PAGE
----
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Designed byAdele Goldberg, Dan Ingalls, Alan Kay
DeveloperPeter Deutsch, Adele Goldberg, Dan Ingalls, Ted Kaehler, Alan Kay, Diana Merry, Scott Wallace and Xerox PARC
First appeared1972; 52 years ago (1972) (development begun 1969)
Stable release
Smalltalk-80 version 2 / 1980; 44 years ago (1980)
Typing disciplineobjects, but in some implementations, strong or dynamic
ScopeLexical (static)
Implementation languageSmalltalk
PlatformXerox Alto (74181)[1][2]
OSCross-platform (multi-platform)
Major implementations
Amber, Dolphin Smalltalk, GemStone/S, GNU Smalltalk, Pharo, Smalltalk/X, Squeak, Cuis Smalltalk, Haver, VA Smalltalk, VisualWorks
Influenced by
Lisp,[3] Simula,[3] Euler,[3] IMP,[3] Planner,[3] Logo,[4] Sketchpad,[3] ARPAnet,[3] Burroughs B5000[3]
AppleScript, Common Lisp Object System, Dart, Dylan, Erlang, Etoys, Go, Groovy, Io, Ioke, Java, Lasso, Logtalk, Newspeak, NewtonScript, Object REXX, Objective-C, PHP 5, Python, Raku, Ruby, Scala, Scratch, Self, Swift

Smalltalk is a purely object oriented programming language (OOP) that was originally created in the 1970s for educational use, specifically for constructionist learning, but later found use in business. It was created at Xerox PARC by Learning Research Group (LRG) scientists, including Alan Kay, Dan Ingalls, Adele Goldberg, Ted Kaehler, Diana Merry, and Scott Wallace.

In Smalltalk, executing programs are built of opaque, atomic, so-called objects, which are instances of template code stored in classes. These objects intercommunicate by passing of messages, via an intermediary virtual machine environment (VM). A relatively small number of objects, called primitives, are not amenable to live redefinition, sometimes being defined independently of the Smalltalk programming environment.

Having undergone significant industry development toward other uses, including business and database functions, Smalltalk is still in use today. When first publicly released, Smalltalk-80 presented numerous foundational ideas for the nascent field of object-oriented programming (OOP).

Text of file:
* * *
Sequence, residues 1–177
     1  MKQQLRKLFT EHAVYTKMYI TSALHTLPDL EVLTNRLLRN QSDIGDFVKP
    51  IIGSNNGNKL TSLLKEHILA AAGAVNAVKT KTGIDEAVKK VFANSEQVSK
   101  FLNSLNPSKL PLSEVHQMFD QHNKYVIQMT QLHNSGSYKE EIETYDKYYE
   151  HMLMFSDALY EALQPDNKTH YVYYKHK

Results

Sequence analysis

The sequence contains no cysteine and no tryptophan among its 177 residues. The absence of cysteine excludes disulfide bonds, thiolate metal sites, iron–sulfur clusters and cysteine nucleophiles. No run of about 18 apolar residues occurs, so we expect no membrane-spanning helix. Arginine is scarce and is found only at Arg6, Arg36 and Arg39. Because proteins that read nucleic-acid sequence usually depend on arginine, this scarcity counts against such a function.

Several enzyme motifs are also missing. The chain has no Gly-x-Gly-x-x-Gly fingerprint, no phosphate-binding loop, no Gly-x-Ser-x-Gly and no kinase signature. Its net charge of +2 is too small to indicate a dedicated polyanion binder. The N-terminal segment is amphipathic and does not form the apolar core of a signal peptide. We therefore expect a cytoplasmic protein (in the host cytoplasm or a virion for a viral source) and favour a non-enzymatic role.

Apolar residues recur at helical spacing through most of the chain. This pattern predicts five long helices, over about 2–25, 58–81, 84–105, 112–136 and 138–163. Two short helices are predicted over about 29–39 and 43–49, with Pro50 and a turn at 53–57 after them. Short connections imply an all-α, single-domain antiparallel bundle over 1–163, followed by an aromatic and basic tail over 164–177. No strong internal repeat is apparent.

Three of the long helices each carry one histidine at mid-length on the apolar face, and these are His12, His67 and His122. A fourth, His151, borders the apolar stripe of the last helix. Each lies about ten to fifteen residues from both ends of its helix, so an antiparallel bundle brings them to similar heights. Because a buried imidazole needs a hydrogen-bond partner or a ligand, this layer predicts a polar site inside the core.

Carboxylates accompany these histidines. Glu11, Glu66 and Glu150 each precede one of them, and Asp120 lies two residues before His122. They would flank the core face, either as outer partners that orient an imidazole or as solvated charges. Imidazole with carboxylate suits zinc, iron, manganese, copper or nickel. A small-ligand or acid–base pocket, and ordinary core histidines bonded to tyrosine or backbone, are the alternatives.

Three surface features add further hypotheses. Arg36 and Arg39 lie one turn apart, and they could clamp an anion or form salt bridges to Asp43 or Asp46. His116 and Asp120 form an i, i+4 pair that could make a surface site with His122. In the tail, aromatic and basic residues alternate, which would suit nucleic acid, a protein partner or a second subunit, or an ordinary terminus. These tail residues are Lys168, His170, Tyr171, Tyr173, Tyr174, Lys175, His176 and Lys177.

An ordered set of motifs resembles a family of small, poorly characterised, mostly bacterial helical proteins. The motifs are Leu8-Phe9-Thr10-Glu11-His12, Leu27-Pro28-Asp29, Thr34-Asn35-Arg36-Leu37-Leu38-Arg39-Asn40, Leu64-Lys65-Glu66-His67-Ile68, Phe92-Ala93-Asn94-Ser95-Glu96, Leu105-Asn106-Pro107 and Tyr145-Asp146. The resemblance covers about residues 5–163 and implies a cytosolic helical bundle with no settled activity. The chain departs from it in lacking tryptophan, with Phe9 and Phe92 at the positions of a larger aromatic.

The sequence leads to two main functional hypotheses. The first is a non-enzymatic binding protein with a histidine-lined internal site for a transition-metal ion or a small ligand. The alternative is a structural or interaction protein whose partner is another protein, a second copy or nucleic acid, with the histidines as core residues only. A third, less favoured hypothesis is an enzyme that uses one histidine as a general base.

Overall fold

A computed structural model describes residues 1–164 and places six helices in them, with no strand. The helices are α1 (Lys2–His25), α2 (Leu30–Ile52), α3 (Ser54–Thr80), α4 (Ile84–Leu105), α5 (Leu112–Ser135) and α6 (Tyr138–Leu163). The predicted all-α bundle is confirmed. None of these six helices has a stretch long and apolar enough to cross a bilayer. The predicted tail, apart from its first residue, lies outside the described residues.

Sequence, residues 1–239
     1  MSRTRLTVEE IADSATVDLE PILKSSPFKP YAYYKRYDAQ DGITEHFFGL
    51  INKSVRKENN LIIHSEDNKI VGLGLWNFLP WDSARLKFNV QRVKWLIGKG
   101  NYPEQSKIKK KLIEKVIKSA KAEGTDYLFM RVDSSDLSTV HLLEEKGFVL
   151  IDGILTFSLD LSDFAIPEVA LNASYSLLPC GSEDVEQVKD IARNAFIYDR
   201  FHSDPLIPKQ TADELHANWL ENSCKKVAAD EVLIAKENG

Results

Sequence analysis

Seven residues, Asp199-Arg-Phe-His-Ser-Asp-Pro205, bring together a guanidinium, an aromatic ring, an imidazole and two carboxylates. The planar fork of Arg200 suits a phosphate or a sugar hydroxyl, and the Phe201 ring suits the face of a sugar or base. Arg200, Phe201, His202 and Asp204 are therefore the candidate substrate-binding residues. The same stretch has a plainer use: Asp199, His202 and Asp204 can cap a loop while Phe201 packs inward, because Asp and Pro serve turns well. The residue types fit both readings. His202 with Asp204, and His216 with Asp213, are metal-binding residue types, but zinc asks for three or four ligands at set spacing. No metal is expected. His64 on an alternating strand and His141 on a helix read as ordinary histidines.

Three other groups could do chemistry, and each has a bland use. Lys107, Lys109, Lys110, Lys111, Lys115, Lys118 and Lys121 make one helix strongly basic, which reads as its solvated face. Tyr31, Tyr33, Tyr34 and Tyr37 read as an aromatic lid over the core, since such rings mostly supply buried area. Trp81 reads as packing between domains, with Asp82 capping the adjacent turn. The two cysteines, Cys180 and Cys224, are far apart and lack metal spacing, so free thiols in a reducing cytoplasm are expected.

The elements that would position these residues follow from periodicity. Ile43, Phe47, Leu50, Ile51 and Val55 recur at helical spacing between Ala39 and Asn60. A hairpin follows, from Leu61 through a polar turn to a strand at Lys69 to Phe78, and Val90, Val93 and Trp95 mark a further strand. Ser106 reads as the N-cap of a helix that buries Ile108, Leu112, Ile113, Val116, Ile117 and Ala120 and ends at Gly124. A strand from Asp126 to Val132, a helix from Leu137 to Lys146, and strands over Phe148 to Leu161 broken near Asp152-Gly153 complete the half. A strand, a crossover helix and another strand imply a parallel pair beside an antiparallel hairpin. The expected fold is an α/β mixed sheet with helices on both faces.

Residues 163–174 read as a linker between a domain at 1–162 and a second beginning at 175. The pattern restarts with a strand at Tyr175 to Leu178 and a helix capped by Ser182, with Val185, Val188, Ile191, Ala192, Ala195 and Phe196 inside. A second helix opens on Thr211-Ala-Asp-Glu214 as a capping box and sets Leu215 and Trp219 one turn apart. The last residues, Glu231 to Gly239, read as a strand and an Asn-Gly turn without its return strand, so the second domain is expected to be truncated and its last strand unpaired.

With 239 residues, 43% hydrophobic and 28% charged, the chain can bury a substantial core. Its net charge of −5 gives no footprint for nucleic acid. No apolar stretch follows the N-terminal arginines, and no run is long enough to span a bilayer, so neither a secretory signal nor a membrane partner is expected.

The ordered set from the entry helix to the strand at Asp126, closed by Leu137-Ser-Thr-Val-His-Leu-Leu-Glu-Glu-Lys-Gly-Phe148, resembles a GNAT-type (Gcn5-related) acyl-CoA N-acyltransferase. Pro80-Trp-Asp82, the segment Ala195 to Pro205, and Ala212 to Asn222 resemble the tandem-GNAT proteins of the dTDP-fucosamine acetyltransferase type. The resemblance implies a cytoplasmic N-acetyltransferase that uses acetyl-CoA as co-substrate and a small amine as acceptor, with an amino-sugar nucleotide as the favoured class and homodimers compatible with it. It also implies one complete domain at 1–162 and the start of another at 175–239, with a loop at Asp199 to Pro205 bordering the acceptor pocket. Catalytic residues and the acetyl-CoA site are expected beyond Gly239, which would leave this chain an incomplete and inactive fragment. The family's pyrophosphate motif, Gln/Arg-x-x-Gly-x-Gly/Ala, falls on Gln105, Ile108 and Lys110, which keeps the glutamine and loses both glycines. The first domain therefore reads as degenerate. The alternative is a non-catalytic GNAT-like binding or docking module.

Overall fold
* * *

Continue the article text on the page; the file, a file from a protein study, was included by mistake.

Since inception, the language provided interactive programming via an integrated development environment. This requires reflection and late binding in the language execution of code. Later development has led to at least one instance of Smalltalk execution environment which lacks such an integrated graphical user interface or front-end.

Smalltalk-like languages are in active development and have gathered communities of users around them. American National Standards Institute (ANSI) Smalltalk was ratified in 1998 and represents the standard version of Smalltalk.[5]

Smalltalk took second place for "most loved programming language" in the Stack Overflow Developer Survey in 2017,[6] but it was not among the 26 most loved programming languages of the 2018 survey.[7]



There are a large number of Smalltalk variants.[8] The unqualified word Smalltalk is often used to indicate the Smalltalk-80 language and compatible VM, the first version to be made publicly available and created in 1980. The first hardware-environments which ran the Smalltalk VMs were Xerox Alto computers.

Smalltalk was the product of research led by Alan Kay at Xerox Palo Alto Research Center (PARC); Alan Kay designed most of the early Smalltalk versions, Adele Goldberg wrote most of the documentation, and Dan Ingalls implemented most of the early versions. The first version, termed Smalltalk-71, was created by Kay in a few mornings on a bet that a programming language based on the idea of message passing inspired by Simula could be implemented in "a page of code".[4] A later variant used for research work is now termed Smalltalk-72 and influenced the development of the Actor model. Its syntax and execution model were very different from modern Smalltalk variants.